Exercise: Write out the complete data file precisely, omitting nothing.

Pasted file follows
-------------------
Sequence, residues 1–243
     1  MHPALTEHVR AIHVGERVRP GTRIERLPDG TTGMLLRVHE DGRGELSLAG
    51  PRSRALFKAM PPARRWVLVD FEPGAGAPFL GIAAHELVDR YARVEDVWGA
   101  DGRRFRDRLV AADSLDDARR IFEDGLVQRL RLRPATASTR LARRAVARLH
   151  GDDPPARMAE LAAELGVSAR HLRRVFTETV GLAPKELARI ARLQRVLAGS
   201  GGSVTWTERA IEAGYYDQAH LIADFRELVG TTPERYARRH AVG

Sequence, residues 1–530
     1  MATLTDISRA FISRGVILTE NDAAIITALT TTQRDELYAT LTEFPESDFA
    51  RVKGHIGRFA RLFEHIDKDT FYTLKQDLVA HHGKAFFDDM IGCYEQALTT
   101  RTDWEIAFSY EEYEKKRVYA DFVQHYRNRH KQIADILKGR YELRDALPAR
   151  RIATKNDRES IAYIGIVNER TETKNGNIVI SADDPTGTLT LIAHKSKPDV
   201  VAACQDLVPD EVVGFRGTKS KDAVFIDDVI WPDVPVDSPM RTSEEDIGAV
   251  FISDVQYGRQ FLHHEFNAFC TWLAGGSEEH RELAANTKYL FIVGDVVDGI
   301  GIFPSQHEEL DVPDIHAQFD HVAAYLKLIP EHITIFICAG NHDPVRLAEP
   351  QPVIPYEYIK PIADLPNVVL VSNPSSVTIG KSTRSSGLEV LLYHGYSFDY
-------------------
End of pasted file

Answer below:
Sequence, residues 1–243
     1  MHPALTEHVR AIHVGERVRP GTRIERLPDG TTGMLLRVHE DGRGELSLAG
    51  PRSRALFKAM PPARRWVLVD FEPGAGAPFL GIAAHELVDR YARVEDVWGA
   101  DGRRFRDRLV AADSLDDARR IFEDGLVQRL RLRPATASTR LARRAVARLH
   151  GDDPPARMAE LAAELGVSAR HLRRVFTETV GLAPKELARI ARLQRVLAGS
   201  GGSVTWTERA IEAGYYDQAH LIADFRELVG TTPERYARRH AVG

Sequence, residues 1–530
     1  MATLTDISRA FISRGVILTE NDAAIITALT TTQRDELYAT LTEFPESDFA
    51  RVKGHIGRFA RLFEHIDKDT FYTLKQDLVA HHGKAFFDDM IGCYEQALTT
   101  RTDWEIAFSY EEYEKKRVYA DFVQHYRNRH KQIADILKGR YELRDALPAR
   151  RIATKNDRES IAYIGIVNER TETKNGNIVI SADDPTGTLT LIAHKSKPDV
   201  VAACQDLVPD EVVGFRGTKS KDAVFIDDVI WPDVPVDSPM RTSEEDIGAV
   251  FISDVQYGRQ FLHHEFNAFC TWLAGGSEEH RELAANTKYL FIVGDVVDGI
   301  GIFPSQHEEL DVPDIHAQFD HVAAYLKLIP EHITIFICAG NHDPVRLAEP
   351  QPVIPYEYIK PIADLPNVVL VSNPSSVTIG KSTRSSGLEV LLYHGYSFDY